COLORADO SPRINGS — Monya Collins will always feel a connection to her new home because of all the sweat equity hours she put in to help build it. "I built this, or I hung this up, or I participated in our future.” Pikes Peak Habitat for Humanity worked with Collins to help her become a first-time homeowner.
"Having a place to call our own is really special," said Collins. Pikes Peak Habitat for Humanity leaders point to Collins as someone right in line with their faith-based mission of helping deserving people get into affordable housing. The also say rising home prices, the increasing cost of building supplies, and the pandemic are increasing the number of families asking for help getting into a home.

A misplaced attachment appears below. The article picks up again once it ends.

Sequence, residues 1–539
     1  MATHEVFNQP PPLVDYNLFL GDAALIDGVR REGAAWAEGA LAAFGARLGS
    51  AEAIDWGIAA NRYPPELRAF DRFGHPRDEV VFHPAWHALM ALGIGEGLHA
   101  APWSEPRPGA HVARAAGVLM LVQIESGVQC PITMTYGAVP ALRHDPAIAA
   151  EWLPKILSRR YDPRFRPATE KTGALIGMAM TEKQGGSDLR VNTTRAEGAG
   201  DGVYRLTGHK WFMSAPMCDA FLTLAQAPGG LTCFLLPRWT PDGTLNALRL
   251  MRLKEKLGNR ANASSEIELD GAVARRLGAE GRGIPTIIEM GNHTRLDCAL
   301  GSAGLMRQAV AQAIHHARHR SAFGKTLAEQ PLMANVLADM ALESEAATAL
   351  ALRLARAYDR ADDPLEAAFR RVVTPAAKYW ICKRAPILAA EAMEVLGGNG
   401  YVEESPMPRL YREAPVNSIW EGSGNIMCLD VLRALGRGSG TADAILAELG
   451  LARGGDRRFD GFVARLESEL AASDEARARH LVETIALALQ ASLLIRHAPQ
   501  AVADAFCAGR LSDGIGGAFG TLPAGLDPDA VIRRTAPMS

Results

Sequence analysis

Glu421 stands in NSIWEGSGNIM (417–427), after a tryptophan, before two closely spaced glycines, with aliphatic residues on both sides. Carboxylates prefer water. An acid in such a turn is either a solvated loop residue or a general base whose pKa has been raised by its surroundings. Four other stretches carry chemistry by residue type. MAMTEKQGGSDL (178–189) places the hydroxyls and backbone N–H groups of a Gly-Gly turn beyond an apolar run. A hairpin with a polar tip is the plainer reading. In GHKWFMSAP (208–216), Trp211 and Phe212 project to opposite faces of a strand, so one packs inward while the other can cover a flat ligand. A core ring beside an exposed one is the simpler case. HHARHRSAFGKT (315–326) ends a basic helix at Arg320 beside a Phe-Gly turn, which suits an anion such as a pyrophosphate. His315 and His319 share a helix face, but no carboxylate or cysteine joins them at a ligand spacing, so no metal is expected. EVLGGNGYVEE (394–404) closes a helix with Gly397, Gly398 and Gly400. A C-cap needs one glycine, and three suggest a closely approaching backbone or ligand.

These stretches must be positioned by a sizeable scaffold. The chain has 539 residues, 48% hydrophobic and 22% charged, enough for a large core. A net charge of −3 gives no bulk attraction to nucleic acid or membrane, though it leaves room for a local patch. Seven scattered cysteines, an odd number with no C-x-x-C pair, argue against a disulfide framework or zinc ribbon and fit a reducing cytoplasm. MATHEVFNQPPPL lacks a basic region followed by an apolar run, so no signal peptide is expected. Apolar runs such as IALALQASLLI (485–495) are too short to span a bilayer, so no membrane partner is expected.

The same issues also make it more expensive for Habitat for Humanity to help. "Our home costs have gone from $160 thousand about two years ago to now $240 thousand,” said Pikes Peak Habitat for Humanity, CEO, Kris. Lewis.
It means adjusting budgets. A few years back Pikes Habitat for Humanity would help seven to eight families a year get into homes. The last application process there were 55 families wanting homes and only five could be accepted. "It is really tough when you have to tell a family, not this time," said Lewis. The hope is to get back to building the seven or eight homes a year as soon as possible.
The situation is better in the Pikes Peak Region than many other communities Habitat for Humanity serves. “We have a very generous community,” said Lewis. There are tradesmen and community members who volunteer their time; suppliers who offer discounts; also, businesses and everyday people who give donations.